I also find the female nude to be an intriguing and beautiful subject for my work. Every woman is unique, and I enjoy the opportunity to work with a variety of people to produce the best images of which we are capable.

What do you want to express or arouse in those who watch your images?

It is very important to me that my work causes viewers to pause and look in detail at the image. I am always telling a story, many times it is only a partial story, where the viewer must interpret and complete the scene as they see it.
For my Nudes in Nature work the key aspect is getting the viewer to experience a connection with, or sense of belonging in, our most amazing natural world, with all its beauty and diversity. Every person has their own innate way of connecting, and the joy for me when shooting is to try to capture how this is being done, in such a way as to make the viewer feel a part of the scene.
For my sensual work, emotion is key. Here I am always trying to convey some feeling or emotion, and ideally this should stir some memory (distant or recent) in the viewer; something which makes that person look longer and deeper into the image.
My Dynamic Art Nude work is in the main less personal in nature. The images strive for a “Wow factor” to engage the viewer.

What are your preferred moment(s) in the creation process?

Always I love the actual shoot; working with another person to produce something which has real value, something which inspires an individual story, or evokes an emotion or reaction in the viewer, is very special.
I have been privileged to work with some amazing women, who work hard with real creativity to produce something special. For example, I worked with one woman who climbed to the top of a volcano in nothing but ballet shoes, because she was searching for the exact spot where her connection with the mountain was strongest. On other occasions I have worked with women who have such a natural affinity with water that they have no hesitation entering cold water and producing the most beautiful natural poses, while I remain warm and dry on land; shivering for them!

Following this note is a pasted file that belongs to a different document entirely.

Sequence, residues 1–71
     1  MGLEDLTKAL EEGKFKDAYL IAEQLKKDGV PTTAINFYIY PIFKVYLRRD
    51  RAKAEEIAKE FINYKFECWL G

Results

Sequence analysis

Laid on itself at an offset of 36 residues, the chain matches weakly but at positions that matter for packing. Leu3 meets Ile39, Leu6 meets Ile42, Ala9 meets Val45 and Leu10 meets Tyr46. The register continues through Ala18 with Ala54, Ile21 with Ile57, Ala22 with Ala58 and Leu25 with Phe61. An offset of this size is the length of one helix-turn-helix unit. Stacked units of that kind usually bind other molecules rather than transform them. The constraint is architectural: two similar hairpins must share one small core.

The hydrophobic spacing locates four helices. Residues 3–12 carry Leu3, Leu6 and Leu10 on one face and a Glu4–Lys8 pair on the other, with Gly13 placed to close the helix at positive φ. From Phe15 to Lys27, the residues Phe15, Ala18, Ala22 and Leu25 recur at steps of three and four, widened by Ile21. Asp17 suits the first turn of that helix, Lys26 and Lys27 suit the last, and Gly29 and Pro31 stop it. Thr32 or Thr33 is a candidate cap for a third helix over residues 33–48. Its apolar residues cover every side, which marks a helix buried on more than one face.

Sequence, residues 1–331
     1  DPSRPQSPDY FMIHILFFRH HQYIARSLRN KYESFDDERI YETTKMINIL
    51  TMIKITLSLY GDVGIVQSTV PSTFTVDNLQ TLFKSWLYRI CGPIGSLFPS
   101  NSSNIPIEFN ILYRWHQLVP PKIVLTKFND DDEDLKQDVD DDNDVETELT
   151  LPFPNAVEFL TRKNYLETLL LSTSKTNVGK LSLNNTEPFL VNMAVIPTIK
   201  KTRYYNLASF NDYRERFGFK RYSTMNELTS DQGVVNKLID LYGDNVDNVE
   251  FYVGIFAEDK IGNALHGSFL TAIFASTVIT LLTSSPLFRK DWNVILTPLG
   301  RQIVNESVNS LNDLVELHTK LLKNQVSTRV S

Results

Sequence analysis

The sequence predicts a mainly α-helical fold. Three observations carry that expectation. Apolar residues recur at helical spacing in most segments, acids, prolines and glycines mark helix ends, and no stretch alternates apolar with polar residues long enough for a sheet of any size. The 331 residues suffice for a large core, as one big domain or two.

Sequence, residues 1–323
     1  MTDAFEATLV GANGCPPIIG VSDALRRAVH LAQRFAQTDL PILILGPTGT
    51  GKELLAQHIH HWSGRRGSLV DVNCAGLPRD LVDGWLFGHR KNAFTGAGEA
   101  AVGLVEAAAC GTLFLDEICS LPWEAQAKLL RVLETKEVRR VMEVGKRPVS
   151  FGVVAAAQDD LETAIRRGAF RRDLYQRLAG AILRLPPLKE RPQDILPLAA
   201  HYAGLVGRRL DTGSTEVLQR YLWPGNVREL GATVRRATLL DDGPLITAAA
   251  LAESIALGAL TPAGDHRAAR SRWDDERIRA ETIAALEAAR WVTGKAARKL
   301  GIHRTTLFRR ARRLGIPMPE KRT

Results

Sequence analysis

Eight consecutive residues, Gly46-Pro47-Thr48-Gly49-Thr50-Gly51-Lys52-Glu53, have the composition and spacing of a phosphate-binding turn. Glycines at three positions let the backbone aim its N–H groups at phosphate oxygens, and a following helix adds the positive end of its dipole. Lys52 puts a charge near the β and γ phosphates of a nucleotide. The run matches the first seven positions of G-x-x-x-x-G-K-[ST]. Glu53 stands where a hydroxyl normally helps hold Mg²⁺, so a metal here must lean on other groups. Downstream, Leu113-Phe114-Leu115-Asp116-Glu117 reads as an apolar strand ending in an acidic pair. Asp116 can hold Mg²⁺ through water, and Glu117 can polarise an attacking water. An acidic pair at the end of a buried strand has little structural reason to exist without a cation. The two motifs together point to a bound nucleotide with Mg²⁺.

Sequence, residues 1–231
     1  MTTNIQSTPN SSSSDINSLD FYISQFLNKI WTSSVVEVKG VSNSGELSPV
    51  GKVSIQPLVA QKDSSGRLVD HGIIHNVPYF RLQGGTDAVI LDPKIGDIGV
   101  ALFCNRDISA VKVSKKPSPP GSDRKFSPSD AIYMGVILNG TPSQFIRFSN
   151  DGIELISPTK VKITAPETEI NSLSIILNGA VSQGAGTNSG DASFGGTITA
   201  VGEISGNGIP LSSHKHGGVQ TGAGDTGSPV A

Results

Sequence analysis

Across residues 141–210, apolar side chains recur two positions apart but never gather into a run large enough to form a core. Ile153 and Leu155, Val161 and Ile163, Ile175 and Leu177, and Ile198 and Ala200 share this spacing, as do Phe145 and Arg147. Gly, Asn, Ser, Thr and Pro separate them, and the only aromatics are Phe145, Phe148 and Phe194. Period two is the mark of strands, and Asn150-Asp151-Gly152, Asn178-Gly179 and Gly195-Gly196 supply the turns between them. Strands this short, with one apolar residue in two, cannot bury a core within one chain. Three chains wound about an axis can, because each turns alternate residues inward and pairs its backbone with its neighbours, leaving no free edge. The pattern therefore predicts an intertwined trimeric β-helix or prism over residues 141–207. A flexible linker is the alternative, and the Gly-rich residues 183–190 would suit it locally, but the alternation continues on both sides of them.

I also very much enjoy the final moments when I look at a completed image and know that we have created something truly original; an image that draws viewers in and make them think; then I am very excited!

What are your three most representative images, and why?
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“Body Ballet” – shot with the incredible fine art nude duo of Anna Rose and Ayla. You might think that these two women work together frequently, but I believe this was only the 2nd time they’d worked together. It has proven to be one of my most successful images to date; winning the Nude Category at the Siena Creative Photo Awards in 2020.
“Nude on Moss Rock” – shot with model Cariad in England’s Peak District National Park. I love the tranquillity and simple beauty of the pose, where Cariad is so obviously a part of this scene; very much connected to the moss and the rocks upon which she lies.